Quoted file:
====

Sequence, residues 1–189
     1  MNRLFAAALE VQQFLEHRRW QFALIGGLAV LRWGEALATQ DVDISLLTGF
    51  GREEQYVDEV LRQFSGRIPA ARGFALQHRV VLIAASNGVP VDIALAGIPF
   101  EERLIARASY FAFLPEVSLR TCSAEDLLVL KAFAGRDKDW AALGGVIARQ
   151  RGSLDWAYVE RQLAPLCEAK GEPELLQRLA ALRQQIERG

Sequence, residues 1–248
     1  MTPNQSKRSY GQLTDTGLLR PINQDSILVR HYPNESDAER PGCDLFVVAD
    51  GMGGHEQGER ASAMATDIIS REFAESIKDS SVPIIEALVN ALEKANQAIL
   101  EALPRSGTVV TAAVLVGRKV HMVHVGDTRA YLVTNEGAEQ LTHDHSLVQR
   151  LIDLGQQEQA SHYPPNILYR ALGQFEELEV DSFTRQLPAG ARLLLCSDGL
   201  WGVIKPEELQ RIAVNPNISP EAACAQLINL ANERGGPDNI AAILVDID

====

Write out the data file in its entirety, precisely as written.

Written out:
Sequence, residues 1–189
     1  MNRLFAAALE VQQFLEHRRW QFALIGGLAV LRWGEALATQ DVDISLLTGF
    51  GREEQYVDEV LRQFSGRIPA ARGFALQHRV VLIAASNGVP VDIALAGIPF
   101  EERLIARASY FAFLPEVSLR TCSAEDLLVL KAFAGRDKDW AALGGVIARQ
   151  RGSLDWAYVE RQLAPLCEAK GEPELLQRLA ALRQQIERG

Sequence, residues 1–248
     1  MTPNQSKRSY GQLTDTGLLR PINQDSILVR HYPNESDAER PGCDLFVVAD
    51  GMGGHEQGER ASAMATDIIS REFAESIKDS SVPIIEALVN ALEKANQAIL
   101  EALPRSGTVV TAAVLVGRKV HMVHVGDTRA YLVTNEGAEQ LTHDHSLVQR
   151  LIDLGQQEQA SHYPPNILYR ALGQFEELEV DSFTRQLPAG ARLLLCSDGL
   201  WGVIKPEELQ RIAVNPNISP EAACAQLINL ANERGGPDNI AAILVDID